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Social Equity Tops Sustainability In Park City Dial-a-ride Van Purchase

A blue and white van with a picture of a moose on the side; the van services people with disabilities and seniors
Park City Municipal Corporation

The Park City Council recently approved the purchase of three replacement vehicles for disability and senior transportation services. Although the vans support Park City’s social equity and transportation goals, city officials viewed the purchase in conflict with a different community critical priority: energy.

The Park City Transportation Department requested the city council approve nearly $77,000 for three dial-a-ride vehicles for ADA or senior services. Transportation Director Alfred Knotts says the lifespan of these particular vans is about five years or 150,000 miles—and three that are currently in use are at 250,000 miles. Knotts says the fleet mechanics have put a lot of time and effort into keeping them running—and to keep them running fills a community need.

“Honestly, there’s a social equity component to this, too, when we're dealing with our transit-dependent folks," Knotts said. "They really rely on these vehicles, and we want to give them the same level of service and the same reliability as the rest of the system that we provide.”

The catch is the dial-a-ride vehicles don’t yet have an electric alternative, which conflicts with the city’s net-zero carbon emissions goals.  Additionally, Park City Sustainability Manager Luke Cartin says the operating costs for diesel over electric don’t pencil out.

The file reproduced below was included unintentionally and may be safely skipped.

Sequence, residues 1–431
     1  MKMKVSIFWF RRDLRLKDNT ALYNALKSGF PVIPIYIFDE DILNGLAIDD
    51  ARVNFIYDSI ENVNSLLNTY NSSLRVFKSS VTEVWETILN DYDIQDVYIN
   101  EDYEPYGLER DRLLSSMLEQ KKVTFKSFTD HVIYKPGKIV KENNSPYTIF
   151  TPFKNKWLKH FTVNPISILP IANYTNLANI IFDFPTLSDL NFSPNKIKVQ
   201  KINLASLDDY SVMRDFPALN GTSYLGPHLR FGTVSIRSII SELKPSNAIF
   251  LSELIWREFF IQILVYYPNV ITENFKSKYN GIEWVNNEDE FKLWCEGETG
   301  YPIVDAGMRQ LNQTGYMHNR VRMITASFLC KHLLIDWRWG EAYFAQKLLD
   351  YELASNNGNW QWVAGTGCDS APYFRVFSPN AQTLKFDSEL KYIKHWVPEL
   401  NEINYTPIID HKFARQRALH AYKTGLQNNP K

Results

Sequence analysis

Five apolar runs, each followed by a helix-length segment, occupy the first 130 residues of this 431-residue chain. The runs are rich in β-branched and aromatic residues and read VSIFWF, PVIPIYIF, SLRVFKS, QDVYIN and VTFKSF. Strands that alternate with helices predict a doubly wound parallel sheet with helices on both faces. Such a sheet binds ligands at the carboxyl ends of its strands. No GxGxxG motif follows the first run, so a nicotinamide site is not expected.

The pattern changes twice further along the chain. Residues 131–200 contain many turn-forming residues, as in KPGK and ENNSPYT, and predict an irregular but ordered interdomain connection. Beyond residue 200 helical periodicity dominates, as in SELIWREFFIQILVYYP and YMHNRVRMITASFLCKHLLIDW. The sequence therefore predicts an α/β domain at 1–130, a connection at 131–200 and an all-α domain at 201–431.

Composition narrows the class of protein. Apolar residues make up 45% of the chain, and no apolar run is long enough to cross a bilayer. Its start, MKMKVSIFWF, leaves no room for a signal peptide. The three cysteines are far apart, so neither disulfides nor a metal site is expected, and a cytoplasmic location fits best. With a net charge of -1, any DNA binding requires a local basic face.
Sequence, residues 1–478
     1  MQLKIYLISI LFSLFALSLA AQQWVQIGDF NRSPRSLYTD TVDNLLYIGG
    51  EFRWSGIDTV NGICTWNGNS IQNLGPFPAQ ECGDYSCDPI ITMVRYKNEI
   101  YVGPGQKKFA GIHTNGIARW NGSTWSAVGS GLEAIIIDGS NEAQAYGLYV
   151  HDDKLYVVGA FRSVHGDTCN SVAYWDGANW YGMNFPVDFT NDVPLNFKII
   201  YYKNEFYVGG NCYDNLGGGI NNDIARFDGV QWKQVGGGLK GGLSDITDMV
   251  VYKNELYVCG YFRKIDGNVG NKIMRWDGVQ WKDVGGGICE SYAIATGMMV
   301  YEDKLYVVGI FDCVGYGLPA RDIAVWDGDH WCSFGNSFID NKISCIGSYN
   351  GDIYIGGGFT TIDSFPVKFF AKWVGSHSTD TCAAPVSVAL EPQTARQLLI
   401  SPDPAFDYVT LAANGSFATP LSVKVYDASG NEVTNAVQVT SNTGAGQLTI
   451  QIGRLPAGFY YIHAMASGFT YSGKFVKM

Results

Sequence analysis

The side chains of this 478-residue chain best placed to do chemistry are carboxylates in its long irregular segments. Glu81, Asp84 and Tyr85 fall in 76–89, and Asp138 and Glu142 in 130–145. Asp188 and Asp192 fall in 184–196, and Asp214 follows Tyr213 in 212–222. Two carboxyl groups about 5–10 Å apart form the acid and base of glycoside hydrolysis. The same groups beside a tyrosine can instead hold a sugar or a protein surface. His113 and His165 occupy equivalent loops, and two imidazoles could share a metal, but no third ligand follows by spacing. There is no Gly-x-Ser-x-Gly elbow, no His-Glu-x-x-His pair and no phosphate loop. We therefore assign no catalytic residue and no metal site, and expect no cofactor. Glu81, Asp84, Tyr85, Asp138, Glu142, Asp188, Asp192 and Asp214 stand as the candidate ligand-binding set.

“If we just look at to run a vehicle a mile, for diesel to be competitive with the battery electric buses it would have to be less than $1.50," Cartin said. "So when you start looking at these things, the electrification isn't only just a sustainability thing, it's actually a smart financial move as well, and the other thing is our electricity doesn't fluctuate as much as a gallon of gas.”

Councilmember Nann Worel mentioned she was having lunch at the Park City Senior Center recently, and a couple of members were late to lunch, due to issues with the dial-a-ride vans. Knotts says there’s a service shortage for the program.

“This is one of those times I think we kind of have competing interests, but I think it would be irresponsible of myself not to be able to replace these and give the reliability to the system to all the constituents we serve,” Knotts said.

The council voted to approve the purchase of the vehicles. Although Park City Mayor Andy Beerman had some heartburn regarding the city’s energy goals, he says because the life cycle of the vehicles is only five years, the city will likely be able to replace the vans with electric vehicles reasonably soon.

Emily Means hadn’t intended to be a journalist, but after two years of studying chemistry at the University of Utah, she found her fit in the school’s communication program. Diving headfirst into student media opportunities, Means worked as a host, producer and programming director for K-UTE Radio as well as a news writer and copy editor at The Daily Utah Chronicle.
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